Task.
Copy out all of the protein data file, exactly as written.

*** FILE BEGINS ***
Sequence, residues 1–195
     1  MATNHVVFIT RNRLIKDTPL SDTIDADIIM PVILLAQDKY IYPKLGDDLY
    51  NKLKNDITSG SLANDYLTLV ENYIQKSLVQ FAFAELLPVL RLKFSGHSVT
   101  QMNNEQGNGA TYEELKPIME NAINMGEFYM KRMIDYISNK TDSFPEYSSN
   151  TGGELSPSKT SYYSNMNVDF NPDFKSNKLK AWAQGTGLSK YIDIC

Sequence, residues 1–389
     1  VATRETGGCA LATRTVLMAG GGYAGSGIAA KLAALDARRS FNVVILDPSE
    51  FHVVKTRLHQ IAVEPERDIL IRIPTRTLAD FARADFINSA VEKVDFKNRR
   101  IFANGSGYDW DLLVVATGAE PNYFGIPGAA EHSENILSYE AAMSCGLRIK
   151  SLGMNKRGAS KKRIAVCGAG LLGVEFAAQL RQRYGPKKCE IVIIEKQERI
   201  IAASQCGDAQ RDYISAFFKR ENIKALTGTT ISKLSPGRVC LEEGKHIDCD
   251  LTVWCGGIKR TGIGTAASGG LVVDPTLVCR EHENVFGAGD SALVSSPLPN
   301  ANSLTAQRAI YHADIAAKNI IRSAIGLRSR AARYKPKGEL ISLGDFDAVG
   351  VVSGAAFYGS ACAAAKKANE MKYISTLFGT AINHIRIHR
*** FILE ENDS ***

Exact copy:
Sequence, residues 1–195
     1  MATNHVVFIT RNRLIKDTPL SDTIDADIIM PVILLAQDKY IYPKLGDDLY
    51  NKLKNDITSG SLANDYLTLV ENYIQKSLVQ FAFAELLPVL RLKFSGHSVT
   101  QMNNEQGNGA TYEELKPIME NAINMGEFYM KRMIDYISNK TDSFPEYSSN
   151  TGGELSPSKT SYYSNMNVDF NPDFKSNKLK AWAQGTGLSK YIDIC

Sequence, residues 1–389
     1  VATRETGGCA LATRTVLMAG GGYAGSGIAA KLAALDARRS FNVVILDPSE
    51  FHVVKTRLHQ IAVEPERDIL IRIPTRTLAD FARADFINSA VEKVDFKNRR
   101  IFANGSGYDW DLLVVATGAE PNYFGIPGAA EHSENILSYE AAMSCGLRIK
   151  SLGMNKRGAS KKRIAVCGAG LLGVEFAAQL RQRYGPKKCE IVIIEKQERI
   201  IAASQCGDAQ RDYISAFFKR ENIKALTGTT ISKLSPGRVC LEEGKHIDCD
   251  LTVWCGGIKR TGIGTAASGG LVVDPTLVCR EHENVFGAGD SALVSSPLPN
   301  ANSLTAQRAI YHADIAAKNI IRSAIGLRSR AARYKPKGEL ISLGDFDAVG
   351  VVSGAAFYGS ACAAAKKANE MKYISTLFGT AINHIRIHR